We are in the process of moving.
Moving, I’ve realized, brings you face to face with your stuff in ways almost nothing else does.
It was slightly horrifying to realize that I write a simple-living themed blog, and yet saw that much stuff carted up from my basement. This was stuff I had been avoiding dealing with for years.
Can I just admit that the contents of our house did not fit on the biggest moving truck U-Haul had to offer? Not even close. It took a moving truck, one and half horse-trailer loads, two flat-trailer loads, plus multiple car-loads to relocate us and all our stuff.
Now, after more than two months of living at my parents’ place while our new house is being renovated, I can honestly, say I haven’t missed it.
Practically our whole life is in boxes, and it’s more of a relief than a burden to have it that way. Obviously, we’ve benefited from my parents stuff while living here, and obviously, there are things we’ll be very grateful for when we move in to our new house. Our couch. Our dishes. Our towels. Our beds and quilts and pots and pans. Yes, please!
But there are also a lot of things we won’t need –things like the excessive amount of toys, puzzles, books and games my children possess, which they are incapable of keeping tidy in that quantity, understandably. …Or those table clothes I never use, the extra bathroom rugs (it’s true, we have extras), those three-ring binders we’re saving for a rainy day, the hiking backpack that’s been untouched for years, and many other of things we’ve accumulated across our lifetimes.
So, yes, we will be purging again for the umpteenth time when we unpack it all. I’m happy about that.
But it has got me thinking, why is an overabundance of stuff in our homes problematic, really? Excessive amounts of stuff naturally bother me, but… why? Here’s what I think about it.
Why you (and I) probably have too much stuff
1. Too much stuff can be burdensome
In my experience, the more you have,
- The more you must maintain
- The more you must clean around
- The more you must store, organize and find a spot for
- The more visual clutter you must overcome to fully relax
2. Too much stuff can hinder our spiritual life
Does that seem like a stretch? I’ve found this to be true in my own life.
When I get enthralled with my possessions and the accumulation of more, it shifts my perspective to earthly things. When I have too much stuff, I worry myself more with what I want next, what is lacking and what could be improved. I find myself trying to “have it all,” which leads me to put a lot of energy into the wrong things.
Jesus says, “Then he said to them, “Watch out! Be on your guard against all kinds of greed; life does not consist in an abundance of possessions.” (Luke 12:15)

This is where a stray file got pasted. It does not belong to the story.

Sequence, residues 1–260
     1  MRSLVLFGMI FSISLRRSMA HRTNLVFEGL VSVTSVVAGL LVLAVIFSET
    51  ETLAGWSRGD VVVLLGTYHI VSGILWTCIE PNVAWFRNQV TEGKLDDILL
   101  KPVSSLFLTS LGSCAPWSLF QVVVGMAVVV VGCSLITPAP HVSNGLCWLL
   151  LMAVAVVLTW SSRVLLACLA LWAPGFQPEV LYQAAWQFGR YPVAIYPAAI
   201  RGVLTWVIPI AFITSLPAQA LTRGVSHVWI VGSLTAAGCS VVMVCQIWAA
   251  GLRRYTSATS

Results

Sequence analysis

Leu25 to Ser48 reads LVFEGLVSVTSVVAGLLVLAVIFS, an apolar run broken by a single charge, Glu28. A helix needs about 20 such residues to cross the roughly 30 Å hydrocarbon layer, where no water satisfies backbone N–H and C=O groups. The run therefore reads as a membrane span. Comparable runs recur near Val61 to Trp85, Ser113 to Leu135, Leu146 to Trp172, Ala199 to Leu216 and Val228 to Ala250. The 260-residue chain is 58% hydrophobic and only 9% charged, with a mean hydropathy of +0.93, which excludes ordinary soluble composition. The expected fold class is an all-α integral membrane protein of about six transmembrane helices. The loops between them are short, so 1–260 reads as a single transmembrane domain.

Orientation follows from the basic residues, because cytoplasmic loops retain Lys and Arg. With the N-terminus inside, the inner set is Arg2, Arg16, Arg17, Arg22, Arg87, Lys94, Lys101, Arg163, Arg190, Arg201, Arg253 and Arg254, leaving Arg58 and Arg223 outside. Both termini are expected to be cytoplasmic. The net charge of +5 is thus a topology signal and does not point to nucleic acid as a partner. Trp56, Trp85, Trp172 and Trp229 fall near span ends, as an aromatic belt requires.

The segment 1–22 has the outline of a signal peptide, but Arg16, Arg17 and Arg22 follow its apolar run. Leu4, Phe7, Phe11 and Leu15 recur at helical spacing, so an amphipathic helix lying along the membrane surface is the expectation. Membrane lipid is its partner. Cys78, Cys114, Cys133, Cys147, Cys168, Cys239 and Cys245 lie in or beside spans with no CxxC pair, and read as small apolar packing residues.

When we wrongfully think it does, we will stuff our lives full of… stuff. We will acquire more, which will lead us to need more accessories, more organization, and eventually even bigger homes in which to store it all. The more consumed we are with our things, the less consumed we are able to be with Christ.
3. Too much stuff can represent money and resources wasted
More than once in the Bible, we see Jesus challenging people to sell their possessions and give the money to the poor so that they would have treasures in heaven, then come follow Him. (Luke 12:33-34, Luke 18:18-29)
When we are over-indulging ourselves with our resources (this threshold is not a specific number, rather, it is between you and God), we are missing an opportunity to give, and thus we waste the opportunity to store up eternal rewards. This heavenly treasure comes when we make a clear-eyed, private and cheerful sacrifice for the sake of the Kingdom.
If we are surrounded by mountains of worldly treasures (which are not inherently bad), we should at least consider whether we’re wasting money and resources as a result of an errant perspective.
4. Too much stuff can be difficult to keep tidy
On a practical note, just as my children can’t seem to keep an over-abundance of toys tidy, neither can I keep an over-stuffed house that way. My little ones have a way of rearranging things, and the thought of keeping up with them is overwhelming.
I’ve found great freedom in having less. It is so much easier to keep neat. If you struggle to keep a tidy home, chances are you have too much stuff.
Note: I am passionate about helping women who struggle in this area get a handle on their homes through teaching a few simple daily habits, projects (including decluttering), and systems. That’s why I created the Help for the Hopeless Homemaker Online Course. Find it here.